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Harassment & Discrimination

Prevailing Employer Entitled to Costs to Defend Discrimination Suit

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Loring Winn Williams sued his employer, the fire district, for disability discrimination under the California Fair Employment and Housing Act (“FEHA”).  Williams v. Chino Valley Indep. Fire Dist.(2013)218 Cal. App. 4th 73. The fire district ultimately prevailed on a summary judgment  motion against Williams. Thereafter, the court awarded $5,368.88 in costs to the fire district pursuant to Cal. Civ. Proc. Code §1032(b), which allows a prevailing party to recover costs in any action or proceeding.

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Governor Brown Signs Law Protecting Victims of Crime

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Recently, Gov. Jerry Brown has signed legislation that will prohibit an employer from discharging or in any manner discriminating or retaliating against an employee who is a victim of specified offenses for taking time off from work to appear in court to be heard at any proceeding, including any delinquency proceeding, involving a post-arrest release decision, plea, sentencing, post-conviction release decision, or any proceeding in which a right of the victim is at issue.

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Rarely Performed Duties Can be Deemed “Essential” in Disability Discrimination Cases

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Employer compliance with disability discrimination provisions of state and federal law are complex, requiring careful consideration of the interactive process and reasonable accommodations. Recently, the California Court of Appeals upheld the requirement that some employees in the public sector such as police officers must be able to perform ALL essential functions of the job even if they are rarely used. In Lui v. City of San Francisco, a police officer suffered a heart attack and could no longer perform physically strenuous activities. Obviously, police work requires a great deal of strenuous activities including chasing down criminals, physical confrontations and arresting non-compliant suspects.

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“Old Fuddy Duddy” Comments Could Lead To Jury Trial

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          The California Supreme Court issued a decision today in favor of a former Google executive who brought an age discrimination case against the company after he was terminated at the age of 54 because he was not a “cultural fit” for the company.  In Reid v. Google, the California Supreme Court did not rule that Google had actually discriminated against Reid, but rather that he presented sufficient evidence to proceed to trial on the issue and thus present his case to a jury.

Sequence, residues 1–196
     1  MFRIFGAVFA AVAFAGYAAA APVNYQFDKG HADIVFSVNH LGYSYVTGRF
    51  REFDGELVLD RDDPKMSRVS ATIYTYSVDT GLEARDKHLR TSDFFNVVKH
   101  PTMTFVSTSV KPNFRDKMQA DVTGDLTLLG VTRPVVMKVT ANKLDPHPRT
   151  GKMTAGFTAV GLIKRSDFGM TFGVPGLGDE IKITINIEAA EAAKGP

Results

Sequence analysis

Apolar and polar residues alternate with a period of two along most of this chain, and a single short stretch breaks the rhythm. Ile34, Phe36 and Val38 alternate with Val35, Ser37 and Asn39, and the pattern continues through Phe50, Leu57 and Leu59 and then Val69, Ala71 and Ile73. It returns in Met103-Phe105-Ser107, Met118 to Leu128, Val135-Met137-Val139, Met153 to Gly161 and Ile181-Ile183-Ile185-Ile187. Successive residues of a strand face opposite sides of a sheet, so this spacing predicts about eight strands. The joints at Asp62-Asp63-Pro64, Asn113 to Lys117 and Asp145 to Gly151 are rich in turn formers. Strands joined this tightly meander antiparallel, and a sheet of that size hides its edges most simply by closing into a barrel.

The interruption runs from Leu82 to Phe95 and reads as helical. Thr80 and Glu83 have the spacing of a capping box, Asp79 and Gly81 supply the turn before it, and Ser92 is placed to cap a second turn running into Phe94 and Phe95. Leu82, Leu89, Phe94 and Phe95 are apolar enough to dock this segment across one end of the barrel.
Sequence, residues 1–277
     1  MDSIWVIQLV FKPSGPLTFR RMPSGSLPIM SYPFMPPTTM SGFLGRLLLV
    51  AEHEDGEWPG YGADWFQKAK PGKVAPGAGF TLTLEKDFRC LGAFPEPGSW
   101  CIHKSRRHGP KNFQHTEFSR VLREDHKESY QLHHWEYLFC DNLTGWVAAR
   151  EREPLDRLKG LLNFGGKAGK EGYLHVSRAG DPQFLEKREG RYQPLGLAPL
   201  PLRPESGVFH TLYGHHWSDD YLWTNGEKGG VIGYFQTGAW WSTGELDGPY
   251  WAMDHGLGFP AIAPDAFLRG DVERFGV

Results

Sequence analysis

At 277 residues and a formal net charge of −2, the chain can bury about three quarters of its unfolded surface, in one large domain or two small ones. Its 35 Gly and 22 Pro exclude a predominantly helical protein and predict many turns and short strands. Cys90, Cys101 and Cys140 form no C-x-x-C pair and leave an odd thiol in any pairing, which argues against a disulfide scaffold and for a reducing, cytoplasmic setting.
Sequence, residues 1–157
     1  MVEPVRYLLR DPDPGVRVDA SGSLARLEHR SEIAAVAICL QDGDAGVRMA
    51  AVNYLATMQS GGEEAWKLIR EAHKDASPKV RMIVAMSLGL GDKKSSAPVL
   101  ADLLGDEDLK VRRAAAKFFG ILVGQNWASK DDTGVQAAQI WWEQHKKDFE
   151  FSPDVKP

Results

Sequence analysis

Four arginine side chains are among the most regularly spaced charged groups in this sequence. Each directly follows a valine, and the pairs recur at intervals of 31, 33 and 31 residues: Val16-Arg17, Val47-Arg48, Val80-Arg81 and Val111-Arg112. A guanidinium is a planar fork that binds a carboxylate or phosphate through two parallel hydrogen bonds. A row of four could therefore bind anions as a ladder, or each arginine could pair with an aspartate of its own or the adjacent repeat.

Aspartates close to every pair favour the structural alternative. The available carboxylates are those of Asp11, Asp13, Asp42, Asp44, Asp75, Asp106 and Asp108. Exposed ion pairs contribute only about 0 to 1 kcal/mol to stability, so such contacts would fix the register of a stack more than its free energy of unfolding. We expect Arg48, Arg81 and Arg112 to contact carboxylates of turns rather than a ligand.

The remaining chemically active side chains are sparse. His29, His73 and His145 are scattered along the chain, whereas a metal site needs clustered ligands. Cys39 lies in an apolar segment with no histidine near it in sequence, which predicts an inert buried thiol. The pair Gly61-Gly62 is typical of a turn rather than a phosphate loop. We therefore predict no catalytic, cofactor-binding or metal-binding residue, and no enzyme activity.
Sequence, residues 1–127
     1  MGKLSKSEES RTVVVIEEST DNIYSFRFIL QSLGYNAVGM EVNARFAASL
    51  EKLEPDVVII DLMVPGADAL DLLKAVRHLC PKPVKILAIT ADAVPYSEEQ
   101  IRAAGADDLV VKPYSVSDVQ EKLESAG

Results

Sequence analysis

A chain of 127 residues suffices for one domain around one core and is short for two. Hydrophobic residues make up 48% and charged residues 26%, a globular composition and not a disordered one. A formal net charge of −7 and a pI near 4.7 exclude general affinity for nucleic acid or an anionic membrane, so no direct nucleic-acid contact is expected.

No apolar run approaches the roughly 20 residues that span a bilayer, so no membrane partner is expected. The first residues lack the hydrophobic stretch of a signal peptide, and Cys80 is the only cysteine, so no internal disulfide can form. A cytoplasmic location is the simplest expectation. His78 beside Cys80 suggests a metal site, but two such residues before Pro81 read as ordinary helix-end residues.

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Supreme Court Holds Statutory Discrimination Claims Can Be Subject to Arbitration Provisions in CBAs

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In 14 Penn Plaza v. Pyett, the U.S. Supreme Court recently held that under a CBA, a union and an employer can enter into binding arbitration agreements that explicitly require statutory discrimination claims to be submitted to arbitration with appropriate law being applied. 

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Employer Avoids Violation of 132a Discrimination Claim

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A California Court of Appeals held that an employer did not violate section 132a by not allowing an employee to return to work for two months while they attempted to obtain clarification of the employee’s medical certificates.

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Plaintiff Pays the Costs after CDPA Loss

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On February 5, 2010, A California Court of Appeals in the case of Jankey v. Song Koo Lee decided that a prevailing defendant could recover attorney's fees under California Civil Code § 55 after being sued under the California Disabled Persons Act ("CDPA").  The defendant was subsequently awarded $118,458 in fees pursuant to the court's decision. 

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Title II of GINA Now in Effect

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Title II of the Genetic Information Nondiscrimination Act (GINA) took effect as of November 21, 2009.  GINA prohibits employers, employment agencies, insurers, and unions from discriminating on the basis of genetic information.  

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Some Minor Dilemmas: Agricultural Employers with Youthful-Appearing Employees

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Recently, many Agricultural employers have been faced with a common problem.  These employers specifically want to know whether they can ask youthful-looking employees about their age and ask those employees to provide identification to prove that they are over eighteen. 

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Hidden Video Surveillance Did Not Violate Employees’ Privacy Rights

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The California Supreme Court held in Hernandez v. Hillsides Inc., No. S147552 (August 3, 2009), that an employer who, for legitimate reasons, installed a hidden surveillance camera in an office and took effective steps to avoid videotaping employees during normal working hours did not violate employees' right to privacy. 

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